5 min Analytics

The importance of the human touch in AI

The importance of the human touch in AI

No one will argue anymore that AI offers great opportunities. However, concerns surrounding the concrete deployment are growing, especially when it comes to the reliability of technology. One sector where this dilemma is very evident is healthcare. There are many benefits that can be achieved with the deployment of AI here, but at the same time, untrustworthy AI can actually have major consequences. What is needed to promote and ensure proper deployment of AI within hospitals and organizations? And to what extent does a “human touch” in AI help when human influences can also create bias?

Véronique Van Vlasselaer, Data & Decision Scientist at SAS, and Davy Van De Sande, PHD candidate for Artificial Intelligence in Intensive Care Medicine at Erasmus MC, discussed this at the World Summit AI 2023, the world’s largest and leading AI summit that brings together the top minds in the field of AI. 

‘Bias in’ is ‘bias out’

To what extent can AI be used and trusted within the decision-making process? Véronique Van Vlasselaer explains, “We need to be aware that the data used to develop AI systems is not always neutral. Data comes from the digitization of human processes and behaviors, including our natural bias. This human bias, however well hidden in the data, can be incorporated by AI systems; bias in means bias out.” Understanding where this bias comes from and what role humans play in it, is an important step in making AI more trustworthy.

To illustrate that a dataset with bias can have a major impact on decision-making, Van De Sande used an example from healthcare. An American study showed that black patients in America received 30% less care than they actually needed due to the recommendations of an implemented AI model. Van De Sande: “The AI model used to diagnose patients systematically underestimated the severity of care needed for this demographic group, because the data used to train these algorithms was not a good representation of the population.”

Bias in AI models due to algorithms

In addition to bias in the data, bias in the AI models can also result from the algorithms used to create the AI model. “As humans, we are extremely bad in distinguishing between the universal truth and some exceptions, and this reflects itself in the AI systems we develop.” explains Vlasselaer. “AI tries to find patterns in data by running an algorithm on it. As a data scientist, you are trained to capture the patterns in data as best you can by building the most appropriate AI model possible, trying to avoid so-called ‘over- or underfitting’. An ‘overfitted’ model overreacts to small changes in data, while an ‘underfitted’ model reacts poorly to specific patterns. As a data scientist, you look for the right balance between the two extremes to ensure that the results of your algorithm are usable and are free of ‘noise.’ But what is noise? If exceptional patterns arise from certain characteristics, preferences or interests of a small group, then these patterns, and therefore this group, should not be ignored. So even in the alignment of the model, bias can arise.”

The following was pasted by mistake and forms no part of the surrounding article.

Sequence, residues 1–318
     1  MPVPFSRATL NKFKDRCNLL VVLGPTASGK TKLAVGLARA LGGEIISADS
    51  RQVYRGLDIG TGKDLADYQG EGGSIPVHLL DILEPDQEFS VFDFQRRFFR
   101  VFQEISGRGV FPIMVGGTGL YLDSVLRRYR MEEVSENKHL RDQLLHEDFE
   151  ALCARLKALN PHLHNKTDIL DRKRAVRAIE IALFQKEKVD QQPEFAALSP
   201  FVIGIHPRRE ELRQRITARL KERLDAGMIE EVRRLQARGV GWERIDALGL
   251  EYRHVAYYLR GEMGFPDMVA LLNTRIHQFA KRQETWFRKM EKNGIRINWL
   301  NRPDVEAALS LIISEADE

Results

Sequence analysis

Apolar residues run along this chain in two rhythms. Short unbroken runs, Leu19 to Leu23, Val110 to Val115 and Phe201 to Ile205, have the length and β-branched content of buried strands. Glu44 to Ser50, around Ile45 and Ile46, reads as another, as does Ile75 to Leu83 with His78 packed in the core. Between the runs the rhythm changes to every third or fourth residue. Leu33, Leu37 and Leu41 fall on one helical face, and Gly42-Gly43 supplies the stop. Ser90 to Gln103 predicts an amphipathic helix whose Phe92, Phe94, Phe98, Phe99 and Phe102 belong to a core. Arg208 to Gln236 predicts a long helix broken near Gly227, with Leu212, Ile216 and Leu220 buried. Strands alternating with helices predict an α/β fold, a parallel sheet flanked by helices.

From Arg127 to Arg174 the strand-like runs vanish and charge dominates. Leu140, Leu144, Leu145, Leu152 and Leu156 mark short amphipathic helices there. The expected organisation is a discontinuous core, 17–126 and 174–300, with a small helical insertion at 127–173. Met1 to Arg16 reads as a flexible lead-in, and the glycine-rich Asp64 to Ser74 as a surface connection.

Finally, the decisions people make based on AI outcomes are not neutral due to interpretation bias. “Humans are generally bad at interpreting statistics, so decisions based on AI outcomes may also involve biases,” Vlasselaer said. Social and contextual factors influence how outcomes are interpreted. Let’s take healthcare again as an example, a recent study showed that outcomes can be evaluated completely differently by a healthcare provider depending on gender, age, ethnicity et cetera. Thus, the same outcome of an AI system (e.g. further hospitalization) can have completely different consequences for patients with different skin color, age or, for example, gender. Unfortunately, no standards exist (yet) to resolve this in a systematic way, making human decisions and interpretations a third component for bias in AI. 

Bias, and then what?

Going back to the healthcare example; AI is extremely important in this case to drive innovation and to make impact on patient care that is so desperately needed. However, projects get stuck in the development phase. The lack of implementation can be attributed partly to the significant concerns and mistrust surrounding the use of AI, as the realization that biases also permeate AI becomes more prevalent. However, technology alone does not offer a way out here; the combination between technology and humans is essential in this and will continue to be indispensable in applying AI in systems.

Understanding bias in AI and the human influence on it is an important first step. This also brings with it a responsibility for AI developers and all stakeholders to be aware of their own biases. However, biases are deeply rooted in society, so this wake-up call by itself is not enough. The best solution for mitigating bias in AI, remains the use of human intelligence and more diversity within teams through which biases can be neutralized. So the human element is still imperative in this regard.

This article was submitted by SAS.